Another Republican runoff brings another miss for the polls. The Wisconsin gubernatorial race remains deadlocked, while Florida looks increasingly close. And polling confirms that Americans still like beer. This is HuffPollster for Wednesday, July 23, 2014.
POLLS MISS IN GEORGIA - Polling suffered another black eye in Tuesday's Republican runoff election in Georgia, as businessman David Perdue narrowly defeated Rep. Jack Kingston, 50.9 to 49.1 percent. Nine of the 10 publicly released pre-election polls gave Kingston a nominal lead over Perdue (the exception, a live-caller WPA Research internal for Perdue, correctly predicted the margin, giving him a 1-point lead). Two final surveys, conducted the week before the runoff, showed Kingston leading by 5 and 7 percentage points. The Pollster model's final estimate gave him a 5.6 percentage point lead, 47.3 to 41.7 percent. [Georgia election results, Pollster chart]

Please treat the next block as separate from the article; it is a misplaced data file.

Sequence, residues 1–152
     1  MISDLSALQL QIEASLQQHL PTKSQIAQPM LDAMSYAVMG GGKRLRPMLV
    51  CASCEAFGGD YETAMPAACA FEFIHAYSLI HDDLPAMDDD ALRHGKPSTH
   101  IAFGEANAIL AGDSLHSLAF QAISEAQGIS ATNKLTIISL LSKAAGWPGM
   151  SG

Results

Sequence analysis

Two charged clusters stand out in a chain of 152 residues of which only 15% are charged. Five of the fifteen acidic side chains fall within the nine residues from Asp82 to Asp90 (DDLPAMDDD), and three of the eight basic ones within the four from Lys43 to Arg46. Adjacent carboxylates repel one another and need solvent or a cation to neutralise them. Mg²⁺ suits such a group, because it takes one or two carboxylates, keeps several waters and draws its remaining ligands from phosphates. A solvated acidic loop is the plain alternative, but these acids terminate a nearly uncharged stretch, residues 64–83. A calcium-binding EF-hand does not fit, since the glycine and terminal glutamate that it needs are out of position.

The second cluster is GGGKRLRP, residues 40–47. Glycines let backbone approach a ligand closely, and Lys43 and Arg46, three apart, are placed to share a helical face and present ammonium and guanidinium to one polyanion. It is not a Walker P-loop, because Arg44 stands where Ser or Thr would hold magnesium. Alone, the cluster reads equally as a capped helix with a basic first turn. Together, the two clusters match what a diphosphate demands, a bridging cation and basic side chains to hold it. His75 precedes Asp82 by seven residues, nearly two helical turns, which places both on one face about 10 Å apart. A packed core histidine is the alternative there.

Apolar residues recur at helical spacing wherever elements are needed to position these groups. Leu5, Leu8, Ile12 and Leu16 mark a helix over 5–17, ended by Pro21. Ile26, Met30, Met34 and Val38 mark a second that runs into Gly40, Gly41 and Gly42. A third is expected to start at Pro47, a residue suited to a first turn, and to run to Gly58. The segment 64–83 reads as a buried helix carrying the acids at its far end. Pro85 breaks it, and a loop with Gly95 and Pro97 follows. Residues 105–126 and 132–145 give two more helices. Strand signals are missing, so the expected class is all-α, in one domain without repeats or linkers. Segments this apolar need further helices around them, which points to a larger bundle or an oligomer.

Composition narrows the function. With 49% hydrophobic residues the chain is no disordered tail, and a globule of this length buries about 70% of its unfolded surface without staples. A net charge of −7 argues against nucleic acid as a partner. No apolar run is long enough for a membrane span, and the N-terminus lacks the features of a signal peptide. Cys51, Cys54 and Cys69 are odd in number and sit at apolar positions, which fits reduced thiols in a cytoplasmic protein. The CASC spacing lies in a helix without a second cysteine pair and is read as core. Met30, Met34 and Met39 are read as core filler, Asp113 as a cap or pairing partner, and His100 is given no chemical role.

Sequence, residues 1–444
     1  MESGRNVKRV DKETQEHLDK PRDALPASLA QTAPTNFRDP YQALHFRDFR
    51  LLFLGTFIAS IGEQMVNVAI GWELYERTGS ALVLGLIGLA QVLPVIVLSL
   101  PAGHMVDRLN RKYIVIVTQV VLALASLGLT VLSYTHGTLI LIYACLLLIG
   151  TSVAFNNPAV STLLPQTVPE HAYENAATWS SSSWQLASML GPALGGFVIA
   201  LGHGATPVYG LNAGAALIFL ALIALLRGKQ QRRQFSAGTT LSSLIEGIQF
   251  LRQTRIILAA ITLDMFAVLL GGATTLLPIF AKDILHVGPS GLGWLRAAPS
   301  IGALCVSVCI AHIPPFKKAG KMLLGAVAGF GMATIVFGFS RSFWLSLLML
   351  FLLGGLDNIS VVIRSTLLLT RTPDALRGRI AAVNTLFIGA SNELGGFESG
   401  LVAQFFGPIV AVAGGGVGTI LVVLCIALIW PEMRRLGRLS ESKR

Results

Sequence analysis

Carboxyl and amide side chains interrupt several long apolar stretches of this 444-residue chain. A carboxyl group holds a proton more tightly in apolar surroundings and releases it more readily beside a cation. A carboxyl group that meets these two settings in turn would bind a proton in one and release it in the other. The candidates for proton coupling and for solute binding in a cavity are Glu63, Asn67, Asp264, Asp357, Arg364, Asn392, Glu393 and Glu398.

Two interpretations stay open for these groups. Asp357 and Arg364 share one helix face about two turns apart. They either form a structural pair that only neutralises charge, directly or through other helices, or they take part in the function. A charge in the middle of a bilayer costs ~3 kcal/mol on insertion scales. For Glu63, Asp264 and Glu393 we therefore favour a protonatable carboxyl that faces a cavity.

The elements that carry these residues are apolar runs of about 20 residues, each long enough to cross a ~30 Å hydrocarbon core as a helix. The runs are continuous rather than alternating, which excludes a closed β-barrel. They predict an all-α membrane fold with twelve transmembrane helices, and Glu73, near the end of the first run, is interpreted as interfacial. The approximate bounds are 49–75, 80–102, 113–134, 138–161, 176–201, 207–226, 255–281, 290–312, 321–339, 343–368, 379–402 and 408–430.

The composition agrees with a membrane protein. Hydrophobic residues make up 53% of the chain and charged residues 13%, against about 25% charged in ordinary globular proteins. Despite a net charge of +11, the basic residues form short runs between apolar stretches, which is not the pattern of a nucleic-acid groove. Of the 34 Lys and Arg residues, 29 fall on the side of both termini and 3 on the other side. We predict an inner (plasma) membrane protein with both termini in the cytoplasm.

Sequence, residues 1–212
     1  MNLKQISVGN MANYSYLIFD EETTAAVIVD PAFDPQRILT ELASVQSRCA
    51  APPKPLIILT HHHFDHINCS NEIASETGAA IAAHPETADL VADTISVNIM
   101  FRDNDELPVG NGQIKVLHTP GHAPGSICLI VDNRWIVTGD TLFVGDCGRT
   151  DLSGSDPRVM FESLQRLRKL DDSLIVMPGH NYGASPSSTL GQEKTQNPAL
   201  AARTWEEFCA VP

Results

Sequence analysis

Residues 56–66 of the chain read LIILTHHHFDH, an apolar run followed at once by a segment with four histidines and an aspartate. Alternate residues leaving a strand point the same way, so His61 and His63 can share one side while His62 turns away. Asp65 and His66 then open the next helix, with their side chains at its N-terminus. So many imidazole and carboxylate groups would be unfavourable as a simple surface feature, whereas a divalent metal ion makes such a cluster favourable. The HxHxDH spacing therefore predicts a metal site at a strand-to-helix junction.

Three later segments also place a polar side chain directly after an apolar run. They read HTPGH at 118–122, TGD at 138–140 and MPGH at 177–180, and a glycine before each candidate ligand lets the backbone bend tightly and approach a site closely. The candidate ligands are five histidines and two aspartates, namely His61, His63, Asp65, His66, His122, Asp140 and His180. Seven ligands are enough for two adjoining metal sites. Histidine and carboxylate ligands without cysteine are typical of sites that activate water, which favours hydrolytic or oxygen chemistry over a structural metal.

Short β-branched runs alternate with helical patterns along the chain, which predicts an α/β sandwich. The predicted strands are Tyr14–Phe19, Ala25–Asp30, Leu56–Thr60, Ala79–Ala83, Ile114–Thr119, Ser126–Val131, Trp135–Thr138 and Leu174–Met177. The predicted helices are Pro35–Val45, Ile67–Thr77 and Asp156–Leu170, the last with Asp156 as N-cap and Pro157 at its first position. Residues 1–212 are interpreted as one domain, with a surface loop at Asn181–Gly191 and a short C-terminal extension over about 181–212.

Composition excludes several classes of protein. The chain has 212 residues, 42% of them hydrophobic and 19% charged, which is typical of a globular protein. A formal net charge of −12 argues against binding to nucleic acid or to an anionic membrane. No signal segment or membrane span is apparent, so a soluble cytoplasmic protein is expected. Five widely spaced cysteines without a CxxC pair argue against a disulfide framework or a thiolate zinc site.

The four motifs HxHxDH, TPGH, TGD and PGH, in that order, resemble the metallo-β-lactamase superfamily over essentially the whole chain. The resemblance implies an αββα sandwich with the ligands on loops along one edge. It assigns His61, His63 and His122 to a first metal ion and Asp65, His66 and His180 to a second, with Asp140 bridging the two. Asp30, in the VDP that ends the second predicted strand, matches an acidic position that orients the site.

Poor polls? - The first explanation for the miscue involves an entirely valid critique about the low quality and partisan affiliation of much of the Georgia polling. Eight of the 10 polls (including the one completely non-partisan poll conducted by SurveyUSA) were conducted using automated, recorded voice calls to landlines supplemented with interviews conducted online drawn and mostly from non-random, 'opt-in' panels. Nine of the ten (including both polls using live interviewers) had either partisan sponsorship or was conducted by a firm with partisan ties. None of the surveys combined live interviewers, calls to both landlines and cell phones and non-partisan sponsorship. Three of the polls were produced for Atlanta's Fox5 by InsiderAdvantage, a company whose founder is a former Republican officeholder and political consultant. As HuffPollster reported in May, InsiderAdvantage uses a combination of automated landline calls and online interviews culled from opt-in panels and solicitations from Facebook advertising, a method that can be described, most charitably, as unusual. [HuffPollster]